While these two conditions seem similar at first glance, they have some differences that make them easy to distinguish from one another.
First of all, nightmares tend to happen during the last third of the night when the individual is in REM sleep. This stage of sleep plays a key role in emotional processing, memory, and dreaming, so it makes sense that this is when the nightmares occur. The individual may mumble, toss and turn, groan, or breathe heavily during a nightmare. However, they wake up on their own or can be woken up relatively easily and are lucid when they awaken. Nightmares may happen at random, but they most often occur when the individual is under significant stress or has experienced a trauma. Certain medications, such as blood pressure medications and sleep aids, can also increase a person’s likelihood of experiencing a nightmare.
Night terrors, on the other hand, usually happen in the first third of the night during slow-wave, NREM sleep. Rather than external factors such as stress or trauma, they’re caused by disruptions of brain waves during sleep. The individual typically displays extreme behaviors such as thrashing, screaming, or running away from the bed. They don’t typically wake on their own and are very difficult to wake up, and they’re confused for several minutes after wakening.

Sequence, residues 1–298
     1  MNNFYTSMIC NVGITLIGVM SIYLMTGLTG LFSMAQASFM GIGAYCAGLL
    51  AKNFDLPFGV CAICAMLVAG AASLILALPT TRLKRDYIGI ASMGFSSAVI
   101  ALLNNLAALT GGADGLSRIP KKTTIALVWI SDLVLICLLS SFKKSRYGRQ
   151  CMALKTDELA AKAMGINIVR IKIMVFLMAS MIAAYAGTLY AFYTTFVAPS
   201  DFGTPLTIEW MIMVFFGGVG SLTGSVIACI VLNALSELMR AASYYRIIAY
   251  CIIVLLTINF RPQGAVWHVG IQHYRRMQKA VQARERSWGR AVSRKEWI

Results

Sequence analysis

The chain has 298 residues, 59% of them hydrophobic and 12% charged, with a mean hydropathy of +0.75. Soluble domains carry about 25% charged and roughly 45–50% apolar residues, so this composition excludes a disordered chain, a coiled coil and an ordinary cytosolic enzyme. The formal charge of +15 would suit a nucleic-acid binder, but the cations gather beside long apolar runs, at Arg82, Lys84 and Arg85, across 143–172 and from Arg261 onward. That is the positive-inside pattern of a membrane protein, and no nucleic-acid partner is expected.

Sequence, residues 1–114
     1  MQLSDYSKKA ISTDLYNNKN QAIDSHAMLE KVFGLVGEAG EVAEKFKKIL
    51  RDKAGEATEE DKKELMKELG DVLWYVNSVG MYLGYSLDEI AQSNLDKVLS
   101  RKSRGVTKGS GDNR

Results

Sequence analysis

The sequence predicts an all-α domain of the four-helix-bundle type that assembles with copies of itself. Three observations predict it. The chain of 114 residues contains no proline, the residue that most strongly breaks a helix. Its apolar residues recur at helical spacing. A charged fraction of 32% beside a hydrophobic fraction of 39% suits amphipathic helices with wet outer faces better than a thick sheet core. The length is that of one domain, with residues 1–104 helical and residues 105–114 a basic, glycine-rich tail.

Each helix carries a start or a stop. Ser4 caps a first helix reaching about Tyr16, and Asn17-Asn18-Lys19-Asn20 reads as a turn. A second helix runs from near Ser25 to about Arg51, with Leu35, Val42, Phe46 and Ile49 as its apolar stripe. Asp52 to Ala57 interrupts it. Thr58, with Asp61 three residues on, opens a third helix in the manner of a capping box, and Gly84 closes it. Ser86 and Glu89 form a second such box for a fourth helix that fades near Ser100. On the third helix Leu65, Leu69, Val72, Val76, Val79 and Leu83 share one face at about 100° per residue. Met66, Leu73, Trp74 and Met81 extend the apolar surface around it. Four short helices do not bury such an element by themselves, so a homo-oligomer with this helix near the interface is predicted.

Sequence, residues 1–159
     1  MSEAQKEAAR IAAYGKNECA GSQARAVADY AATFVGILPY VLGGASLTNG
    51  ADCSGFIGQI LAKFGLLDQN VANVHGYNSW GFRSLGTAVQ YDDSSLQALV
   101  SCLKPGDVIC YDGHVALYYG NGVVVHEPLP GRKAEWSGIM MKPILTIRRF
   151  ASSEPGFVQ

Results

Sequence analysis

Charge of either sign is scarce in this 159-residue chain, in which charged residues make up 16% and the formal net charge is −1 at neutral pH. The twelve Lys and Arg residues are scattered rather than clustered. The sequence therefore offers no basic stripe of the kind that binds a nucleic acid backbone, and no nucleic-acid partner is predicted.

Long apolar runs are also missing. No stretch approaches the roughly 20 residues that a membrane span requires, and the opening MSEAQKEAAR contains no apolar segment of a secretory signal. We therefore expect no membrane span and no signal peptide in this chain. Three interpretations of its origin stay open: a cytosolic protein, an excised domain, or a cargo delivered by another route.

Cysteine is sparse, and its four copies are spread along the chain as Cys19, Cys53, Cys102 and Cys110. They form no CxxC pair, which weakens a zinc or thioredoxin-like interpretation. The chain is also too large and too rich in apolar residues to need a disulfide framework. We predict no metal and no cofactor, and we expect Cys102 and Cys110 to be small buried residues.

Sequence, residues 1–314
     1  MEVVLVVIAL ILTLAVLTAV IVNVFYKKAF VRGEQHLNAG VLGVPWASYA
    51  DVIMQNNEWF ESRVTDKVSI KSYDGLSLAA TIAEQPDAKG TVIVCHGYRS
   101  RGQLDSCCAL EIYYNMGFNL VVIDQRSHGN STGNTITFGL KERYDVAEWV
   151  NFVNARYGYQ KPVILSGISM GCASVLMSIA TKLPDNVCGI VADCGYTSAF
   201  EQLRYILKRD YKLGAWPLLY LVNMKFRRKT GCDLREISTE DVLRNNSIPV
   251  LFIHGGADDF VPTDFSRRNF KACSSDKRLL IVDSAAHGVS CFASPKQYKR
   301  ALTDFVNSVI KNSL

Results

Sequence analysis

Second, night terrors are far more unusual than nightmares. Virtually all adults have experienced at least one nightmare during their lifetime, with about 40 percent of adults reporting experiencing them at least monthly. They can occur at any point in adulthood but tend to become more common with advanced age. Among children, about 75 percent have had at least one nightmare. They begin around age 3, typically peak between ages 6-10, and then taper off. By contrast, about 56 percent of kids have experienced night terrors at some point, but only 1-2 percent of adults have had night terrors at some point in adulthood.
Third, nightmares tend to stick with those who experience them. Individuals may wake up with a sense of failure, helplessness, fear or intense sadness. Night terrors are generally more distressing for those who witness them than for the people actually experiencing them. Adults may have vague recollections of feeling panicked, but they don’t remember anything they may have said or done. Children almost never remember the experience to any degree.
Night Terror Treatment Options
While the occasional night terror is likely nothing to worry about, this sleep disturbance can cause some complications for those who experience them regularly. The individual may be sleepy during the day, which may affect their performance at school or at work. They may also experience some embarrassment over the problem, which can affect their relationships with household members. In rare cases, night terrors can result in injuries, either to the person experiencing them or those who attempt to intervene.